The cafe car is OK in a pinch, it has basic snacks, beverages, and hot foods like burgers and pizza. The prices aren’t unreasonable either, but I still don’t think they’re worth it for food that gets taken out of a plastic wrapper and microwaved.
I also learned that those riding in coach who want to drink alcoholic beverages must purchase alcohol on the train because only sleeping-car passengers can bring their own.
I expected more people to get off the train to stretch their legs at the stops.
Every so often, the train made an extended stop at a station for a crew change or servicing, and passengers were allowed to step off, stretch, and get some fresh air.
There’s no smoking on the trains, so I noticed a fair number of people using these stops as smoke breaks. But I expected more people to take the opportunity to get some fresh air and stretch instead of staying on the train.
There were only so many of these opportunities, and it was great to walk around, feel the fresh air and sun, stretch, and say that I stepped foot in a different place instead of just passing through it on the train.
The history is remarkable and all around you.
My trip took me through 15 states and passed through six state capitals and the US capital.
The trip from New York to Washington DC started out on tracks that were part of the historical Pennsylvania Railroad and continued down one of the busiest rail corridors in the country.
The bulk of my Cardinal-line trip went along old Chesapeake and Ohio Railway tracks, and there was lots of interesting history to learn about the railroad towns that sprung up along the tracks when they were first built.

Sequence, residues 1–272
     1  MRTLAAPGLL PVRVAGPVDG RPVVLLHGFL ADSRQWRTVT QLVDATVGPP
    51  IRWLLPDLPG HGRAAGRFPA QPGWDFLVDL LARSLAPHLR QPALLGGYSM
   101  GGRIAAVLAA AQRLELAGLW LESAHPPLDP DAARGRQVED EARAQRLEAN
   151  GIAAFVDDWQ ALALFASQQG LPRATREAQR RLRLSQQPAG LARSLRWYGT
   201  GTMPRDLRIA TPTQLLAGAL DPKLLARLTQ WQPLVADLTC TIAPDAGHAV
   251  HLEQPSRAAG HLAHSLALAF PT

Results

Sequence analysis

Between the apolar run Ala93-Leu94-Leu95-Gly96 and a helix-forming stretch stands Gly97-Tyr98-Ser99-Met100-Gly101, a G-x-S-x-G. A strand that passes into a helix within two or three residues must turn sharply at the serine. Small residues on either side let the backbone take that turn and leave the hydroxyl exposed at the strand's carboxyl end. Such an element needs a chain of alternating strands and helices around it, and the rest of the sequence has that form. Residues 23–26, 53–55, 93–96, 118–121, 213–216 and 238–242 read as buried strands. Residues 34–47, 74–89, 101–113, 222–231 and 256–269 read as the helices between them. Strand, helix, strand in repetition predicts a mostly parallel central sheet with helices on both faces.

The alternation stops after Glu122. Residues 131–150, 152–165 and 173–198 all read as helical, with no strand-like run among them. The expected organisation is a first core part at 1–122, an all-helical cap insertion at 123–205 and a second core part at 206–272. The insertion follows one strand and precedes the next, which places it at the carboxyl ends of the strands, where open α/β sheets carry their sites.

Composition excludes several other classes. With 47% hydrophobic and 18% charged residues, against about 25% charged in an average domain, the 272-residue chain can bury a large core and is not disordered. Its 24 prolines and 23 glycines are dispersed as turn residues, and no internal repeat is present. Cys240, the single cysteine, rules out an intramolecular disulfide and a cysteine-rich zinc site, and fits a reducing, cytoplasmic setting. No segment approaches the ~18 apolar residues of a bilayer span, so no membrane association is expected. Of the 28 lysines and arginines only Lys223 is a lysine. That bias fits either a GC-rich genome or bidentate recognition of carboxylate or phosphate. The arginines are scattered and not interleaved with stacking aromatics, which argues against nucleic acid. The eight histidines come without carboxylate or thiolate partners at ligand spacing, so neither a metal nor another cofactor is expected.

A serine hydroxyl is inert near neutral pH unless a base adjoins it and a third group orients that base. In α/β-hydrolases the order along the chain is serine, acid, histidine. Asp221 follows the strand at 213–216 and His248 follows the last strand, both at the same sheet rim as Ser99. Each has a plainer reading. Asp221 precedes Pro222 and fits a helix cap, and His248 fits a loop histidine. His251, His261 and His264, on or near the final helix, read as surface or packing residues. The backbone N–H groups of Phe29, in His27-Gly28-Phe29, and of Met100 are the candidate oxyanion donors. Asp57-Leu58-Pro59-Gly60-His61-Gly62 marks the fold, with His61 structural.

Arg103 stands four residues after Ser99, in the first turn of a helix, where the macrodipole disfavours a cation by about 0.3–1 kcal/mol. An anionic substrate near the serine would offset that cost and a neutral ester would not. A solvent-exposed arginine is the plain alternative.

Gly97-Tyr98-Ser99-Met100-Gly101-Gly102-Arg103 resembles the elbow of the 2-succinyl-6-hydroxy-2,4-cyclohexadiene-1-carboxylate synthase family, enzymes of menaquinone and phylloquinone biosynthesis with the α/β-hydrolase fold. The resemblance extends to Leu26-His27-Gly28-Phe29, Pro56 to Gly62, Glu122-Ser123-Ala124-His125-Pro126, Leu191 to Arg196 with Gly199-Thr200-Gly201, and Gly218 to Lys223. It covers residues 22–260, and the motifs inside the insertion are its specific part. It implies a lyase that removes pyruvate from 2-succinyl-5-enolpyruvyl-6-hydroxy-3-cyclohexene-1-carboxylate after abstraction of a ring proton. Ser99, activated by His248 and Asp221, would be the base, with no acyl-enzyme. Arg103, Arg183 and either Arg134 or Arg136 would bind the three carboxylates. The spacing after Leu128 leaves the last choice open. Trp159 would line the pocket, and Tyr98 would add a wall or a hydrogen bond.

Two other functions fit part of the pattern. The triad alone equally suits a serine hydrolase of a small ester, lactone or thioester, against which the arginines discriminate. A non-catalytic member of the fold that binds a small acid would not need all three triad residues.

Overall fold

My trip through Virginia took me across tracks that played a vital role in the Civil War. We also traveled through old boom-and-bust towns in West Virginia — some of which still exist today, but others only have scant remnants.
There was no Wi-Fi on the Texas Eagle line.
The Texas Eagle is one of the few Amtrak trains that doesn’t have Wi-Fi, and some of the areas we passed through had little to no cell reception.
The Cardinal line also went through areas with poor cell reception, which caused the onboard Wi-Fi to lose connection.
For this reason, I’m glad I brought an AM/FM HD radio with me. I had a lot of fun tuning into stations as my trains traveled the country.
It helped me feel more connected to the small towns and gave them more life. I found surprisingly good content in some unexpected remote areas.